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U.S. Secretary of State Hillary Rodham Clinton checks her mobile phone in March 2012 after her address to the Security Council at United Nations headquarters. While she's asked the State Department to quickly release her emails from her tenure as secretary, the process likely will take months — dragging out media coverage and critical questions.

Clinton, White House Play Delicate Dance As Emails Await Release

The State Department says it will work as quickly as possible to review the emails former Secretary Hillary Clinton turned over in 2014, but combing through all 55,000 pages could take months.

Note: Seasonally adjusted, in millions, for each February (2007-2015)

Part-Time Workers Struggle With Full-Time Juggling Act

The cold weather did not hamper hiring last month. Employers added nearly 300,000 jobs to payrolls, and the unemployment rate fell to 5.5 percent.

Despite another strong report, there is little evidence that all the hiring is putting upward pressures on wages.

And there are more than 6.5 million people working part time who would like to have more hours.

National Security Agency leaker Edward Snowden appears on a live video feed broadcast from Moscow at an event sponsored by the ACLU Hawaii in Honolulu on Feb. 14.

Snowden: Asylum In Switzerland A 'Great Political Option'

Edward Snowden wants Switzerland to grant him asylum.

The NSA leaker made the remark as he spoke to an audience in Geneva via a video link from Moscow, where he has been living in exile to avoid U.S. prosecution on espionage charges.

"I would love to return to Switzerland, some of my favorite memories are from Geneva. It's a wonderful place," Snowden told the International Film Festival and Forum on Human Rights, where the Oscar-winning documentary about his case, Citizenfour, was screened.

A "ballet" of Brussels sprouts dazzles at the <a href="http://www.urwhatupost.com/">Food Porn Index</a>, a site that tracks which foods are trending in social media part of an effort to heighten the appeal of healthy eating.

Voluptuous Veg: Can Food Porn Seed Lust For Healthy Eating?

Sorry to be so risqué, but beautiful photos of tempting foods can make our mouths water.

Think molten spoonfuls of chocolate, voluptuous layer cake or melted cheese oozing from a perfectly grilled croque monsieur.

We're awash in these types of food porn images. But, by comparison, do pictures of Brussels sprouts or beets get as much love online?

Nope. According to Bolthouse Farms, which markets baby carrots and fresh juices, of the more than 1.7 million food images posted daily, only about one-third are of fruits and vegetables.

Gayland Regier carries buckets of feed to his cattle in southeast Nebraska. Imported cattle make up a small portion of the American beef supply, but many American farmers and ranchers are concerned that foreign-sourced meat could distort their markets.

Should Labels Say Meat Was Made In USA? Ranchers, Meatpackers Disagree

You've probably seen, but may not have noticed, labels on the meat at your grocery store that say something like "Born, Raised, & Harvested in the U.S.A." or "Born and Raised in Canada, Slaughtered in the U.S."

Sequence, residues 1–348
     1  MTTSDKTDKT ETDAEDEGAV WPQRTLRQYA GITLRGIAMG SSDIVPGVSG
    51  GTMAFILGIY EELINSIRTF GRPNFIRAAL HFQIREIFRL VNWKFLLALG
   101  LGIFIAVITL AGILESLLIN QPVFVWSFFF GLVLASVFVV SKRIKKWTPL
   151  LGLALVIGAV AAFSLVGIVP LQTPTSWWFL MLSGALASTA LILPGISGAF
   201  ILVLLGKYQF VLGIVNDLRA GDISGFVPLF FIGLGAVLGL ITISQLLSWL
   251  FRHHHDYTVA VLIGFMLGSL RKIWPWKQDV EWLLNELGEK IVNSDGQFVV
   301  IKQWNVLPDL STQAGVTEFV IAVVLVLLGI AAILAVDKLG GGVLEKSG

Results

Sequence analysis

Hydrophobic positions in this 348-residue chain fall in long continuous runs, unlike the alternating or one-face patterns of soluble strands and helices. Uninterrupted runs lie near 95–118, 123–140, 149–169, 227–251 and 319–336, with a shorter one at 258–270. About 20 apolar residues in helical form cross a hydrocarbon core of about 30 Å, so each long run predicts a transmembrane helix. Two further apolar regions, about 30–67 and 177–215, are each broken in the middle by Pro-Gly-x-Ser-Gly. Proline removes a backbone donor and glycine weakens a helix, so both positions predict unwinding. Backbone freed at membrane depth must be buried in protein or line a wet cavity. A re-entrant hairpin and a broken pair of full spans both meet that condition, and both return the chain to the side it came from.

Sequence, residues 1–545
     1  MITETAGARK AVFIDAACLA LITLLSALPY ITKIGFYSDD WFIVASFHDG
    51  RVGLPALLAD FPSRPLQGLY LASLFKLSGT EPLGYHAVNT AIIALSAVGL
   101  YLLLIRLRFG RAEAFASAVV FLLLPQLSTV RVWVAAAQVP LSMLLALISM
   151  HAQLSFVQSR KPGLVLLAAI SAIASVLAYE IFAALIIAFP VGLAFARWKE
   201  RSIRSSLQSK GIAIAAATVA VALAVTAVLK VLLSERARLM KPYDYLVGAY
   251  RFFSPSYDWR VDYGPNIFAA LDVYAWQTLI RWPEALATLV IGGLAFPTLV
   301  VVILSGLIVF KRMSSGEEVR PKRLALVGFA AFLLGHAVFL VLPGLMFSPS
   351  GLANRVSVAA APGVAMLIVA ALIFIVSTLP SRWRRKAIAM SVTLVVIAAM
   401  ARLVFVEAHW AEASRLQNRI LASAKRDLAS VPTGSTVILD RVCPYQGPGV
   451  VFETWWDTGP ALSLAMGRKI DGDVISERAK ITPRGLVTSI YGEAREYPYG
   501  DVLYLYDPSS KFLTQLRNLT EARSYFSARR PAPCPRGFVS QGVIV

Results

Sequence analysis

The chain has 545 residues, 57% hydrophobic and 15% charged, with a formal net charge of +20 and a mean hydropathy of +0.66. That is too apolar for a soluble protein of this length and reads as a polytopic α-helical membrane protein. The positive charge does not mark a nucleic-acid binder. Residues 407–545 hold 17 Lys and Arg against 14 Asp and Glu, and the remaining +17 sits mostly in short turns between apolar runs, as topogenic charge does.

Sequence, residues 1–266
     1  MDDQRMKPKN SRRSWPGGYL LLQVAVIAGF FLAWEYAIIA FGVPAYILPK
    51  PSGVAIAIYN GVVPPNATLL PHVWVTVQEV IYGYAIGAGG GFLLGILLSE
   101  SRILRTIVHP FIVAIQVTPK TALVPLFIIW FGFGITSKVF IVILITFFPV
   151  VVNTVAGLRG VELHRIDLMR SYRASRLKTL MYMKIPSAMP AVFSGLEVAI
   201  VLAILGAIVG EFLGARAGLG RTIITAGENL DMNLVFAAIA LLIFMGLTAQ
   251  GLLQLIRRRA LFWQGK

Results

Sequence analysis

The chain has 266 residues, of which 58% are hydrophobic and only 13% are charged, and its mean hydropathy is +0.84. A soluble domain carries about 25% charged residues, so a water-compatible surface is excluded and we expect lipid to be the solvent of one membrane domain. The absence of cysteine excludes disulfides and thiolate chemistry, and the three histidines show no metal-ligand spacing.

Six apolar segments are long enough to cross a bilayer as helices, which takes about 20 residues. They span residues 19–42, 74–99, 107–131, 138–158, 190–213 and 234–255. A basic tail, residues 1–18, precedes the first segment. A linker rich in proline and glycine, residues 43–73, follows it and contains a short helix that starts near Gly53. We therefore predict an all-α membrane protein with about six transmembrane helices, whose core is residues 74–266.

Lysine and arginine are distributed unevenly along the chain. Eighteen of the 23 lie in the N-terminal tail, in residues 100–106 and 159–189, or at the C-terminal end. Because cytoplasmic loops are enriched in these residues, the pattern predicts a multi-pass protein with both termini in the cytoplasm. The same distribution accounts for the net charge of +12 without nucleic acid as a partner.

These country-of-origin labels, as they are known, are part of an ongoing international trade dispute that has swept up Midwest ranchers. And they may not be long for store shelves.

North Korean Diplomat Stopped In Bangladesh With $1.4 Million In Gold

Customs authorities in Bangladesh would like to know what a top North Korean diplomat was doing with $1.4 million in gold in his luggage as he arrived on a flight from Singapore to Dhaka.

Sen. Bob Menendez, D-N.J., speaks to reporters during a news conference in Newark on Friday. The Justice Department plans to file charges alleging that he did political favors for a friend and donor, NPR has confirmed.

Source: Justice Dept. Prepares To Charge N.J. Sen. Menendez With Corruption

Updated at 8:15 p.m. ET

Menendez told reporters during a Friday night press conference — during which he read from a statement and declined to take questions — that he always had behaved appropriately while in office.

The pizza lobby tries to influence things like school lunches and the calorie labels that go on the pies.

#NPRreads: On America's First Suicide Bombing And Its Influential Pizza Lobby

#NPRreads is a new feature we're testing out on Twitter and on The Two-Way. The premise is simple: Correspondents, editors and producers throughout our newsroom will share pieces that have kept them reading. They'll share tidbits on Twitter using the #NPRreads hashtag, and on occasion we'll share a longer take here on the blog.

This week, we bring you four reads that illuminate a bit of history or pieces of regulation you may not have known about.

DOJ Indicts 3 Men Accused Of 'Largest Data Breach In History'

Three men, two from Vietnam and one from Canada, who allegedly participated in a scheme to harvest a billion email addresses have been charged in what the Department of Justice describes as the largest data breach in the history of the Internet.

Documentary Filmmaker Albert Maysles Dies At 88

Albert Maysles, the father of the contemporary American documentary film who was behind such classics as 1970's Gimme Shelter, has died. He was 88.

Maysles, an Oscar-nominated director, died Thursday in New York, Erica Dilday at the Maysles Documentary Center confirmed.

NPR's Neda Ulaby is reporting on his death for our Newscast unit. She says:

"Albert Maysles with his brother David turned an unflinching cinematic eye on everything from door to door Bible salesmen to the most eccentric members of the East Coast elite. ...

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